The Challenge: Severe Heart Valve Leakage
Jeff Donato is a born athlete. At 62 years old, the former Robert Morris University basketball player races in 10 triathlons a year, exercises several times a day, and teaches a spin class at the YMCA.
But three years ago, Jeff noticed a decline in his athletic performance. Physical fitness became a struggle for the first time in his life.
Unsure of the cause, Jeff saw his primary care doctor.
Despite being healthy and fit, his doctor determined he was suffering from a serious heart condition called mitral valve prolapse. Jeff was born with this very common condition that occurs in 5 percent of the U.S. population, but he did not know it until the valve began to leak.
The valve between the left upper chamber and the left lower chamber of Jeff’s heart was not closing properly and his body was not receiving enough oxygenated blood.
If left untreated, the severe valve leakage caused by mitral valve prolapse could cause heart failure and permanent damage to his heart muscle.
The Path to UPMC's Center for Mitral Valve Disease
After a heart ultrasound, or echocardiogram, Jeff was referred to a heart surgeon at the UPMC Center for Mitral Valve Disease.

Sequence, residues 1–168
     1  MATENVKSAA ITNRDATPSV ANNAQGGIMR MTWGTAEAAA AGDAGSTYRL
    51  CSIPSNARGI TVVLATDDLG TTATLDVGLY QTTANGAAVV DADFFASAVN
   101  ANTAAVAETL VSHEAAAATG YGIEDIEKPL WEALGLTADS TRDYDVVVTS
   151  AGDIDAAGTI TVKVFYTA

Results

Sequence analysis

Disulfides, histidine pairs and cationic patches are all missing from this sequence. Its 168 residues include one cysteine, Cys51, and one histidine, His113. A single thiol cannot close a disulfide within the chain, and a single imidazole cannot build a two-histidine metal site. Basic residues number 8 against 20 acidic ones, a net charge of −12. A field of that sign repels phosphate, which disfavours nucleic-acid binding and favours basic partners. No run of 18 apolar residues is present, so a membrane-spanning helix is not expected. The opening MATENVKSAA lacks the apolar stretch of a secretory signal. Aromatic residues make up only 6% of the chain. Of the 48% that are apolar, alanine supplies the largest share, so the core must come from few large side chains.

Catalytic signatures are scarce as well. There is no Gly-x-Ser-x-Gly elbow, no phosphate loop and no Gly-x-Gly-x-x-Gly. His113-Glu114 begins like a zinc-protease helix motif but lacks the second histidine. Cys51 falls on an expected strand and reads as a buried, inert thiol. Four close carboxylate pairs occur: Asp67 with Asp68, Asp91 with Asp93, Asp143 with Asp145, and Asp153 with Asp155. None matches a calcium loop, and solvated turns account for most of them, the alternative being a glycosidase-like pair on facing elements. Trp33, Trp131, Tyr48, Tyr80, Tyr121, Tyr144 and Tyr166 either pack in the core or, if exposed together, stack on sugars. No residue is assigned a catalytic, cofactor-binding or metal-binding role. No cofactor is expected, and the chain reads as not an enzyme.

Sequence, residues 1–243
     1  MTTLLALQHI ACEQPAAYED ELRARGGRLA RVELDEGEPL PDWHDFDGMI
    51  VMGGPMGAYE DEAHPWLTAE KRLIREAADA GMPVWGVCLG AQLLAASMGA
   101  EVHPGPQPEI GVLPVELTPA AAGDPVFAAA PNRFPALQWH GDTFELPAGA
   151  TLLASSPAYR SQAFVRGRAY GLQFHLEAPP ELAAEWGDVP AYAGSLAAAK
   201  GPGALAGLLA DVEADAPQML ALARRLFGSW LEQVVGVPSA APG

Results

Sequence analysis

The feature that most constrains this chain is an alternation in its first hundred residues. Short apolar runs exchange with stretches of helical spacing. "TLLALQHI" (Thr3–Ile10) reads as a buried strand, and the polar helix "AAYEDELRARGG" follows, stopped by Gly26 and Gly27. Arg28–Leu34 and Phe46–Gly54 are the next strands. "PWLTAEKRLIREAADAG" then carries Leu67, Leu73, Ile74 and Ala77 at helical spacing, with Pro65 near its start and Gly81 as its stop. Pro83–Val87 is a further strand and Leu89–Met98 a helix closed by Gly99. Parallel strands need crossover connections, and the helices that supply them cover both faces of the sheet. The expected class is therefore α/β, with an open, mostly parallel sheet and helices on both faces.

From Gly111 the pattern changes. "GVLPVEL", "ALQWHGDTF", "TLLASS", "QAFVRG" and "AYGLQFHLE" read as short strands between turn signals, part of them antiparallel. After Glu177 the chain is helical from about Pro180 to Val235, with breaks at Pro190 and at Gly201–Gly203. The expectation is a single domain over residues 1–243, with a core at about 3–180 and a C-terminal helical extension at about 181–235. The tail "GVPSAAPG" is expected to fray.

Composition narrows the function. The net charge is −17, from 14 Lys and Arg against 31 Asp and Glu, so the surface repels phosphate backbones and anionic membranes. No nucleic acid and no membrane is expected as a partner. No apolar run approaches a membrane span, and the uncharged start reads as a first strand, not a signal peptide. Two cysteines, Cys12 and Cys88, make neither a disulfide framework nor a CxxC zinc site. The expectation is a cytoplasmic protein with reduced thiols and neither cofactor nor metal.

Having never spent a day in the hospital, Jeff was worried he would need traditional open heart surgery and that the road to recovery would be long and difficult.
Jeff's surgeon assured him that he was a perfect candidate for minimally invasive robotic mitral valve repair surgery at UPMC Presbyterian.
The Result: Running Four Weeks After Surgery
Jeff underwent his robotic valve repair through a two-inch incision on the side of his chest and went home from the hospital just three days later.
He was given guidelines for recovery and allowed to walk a few minutes a day. But competitive by nature, Jeff walked an entire mile as soon as he got home.
By his fourth week after surgery, he was running every day.
The rest of his recovery went very smoothly, and in no time Jeff was back to doing his favorite activities.
Only eight months later, he competed in his first triathlon since his robotic surgery, and he dedicated this to his surgeon by a special tattoo on his right shoulder.
“I told him the first medal is his, so I’m not coming home if I don’t get it,” he said.
He was victorious, and at a checkup shortly following the race, Jeff presented his surgeon with two medals.
Jeff and his wife Pam enjoy their retirement in Ligonier, Pa., traveling to Hilton Head every year as well as around the country for his various races.
Jeff's treatment and results may not be representative of similar cases.
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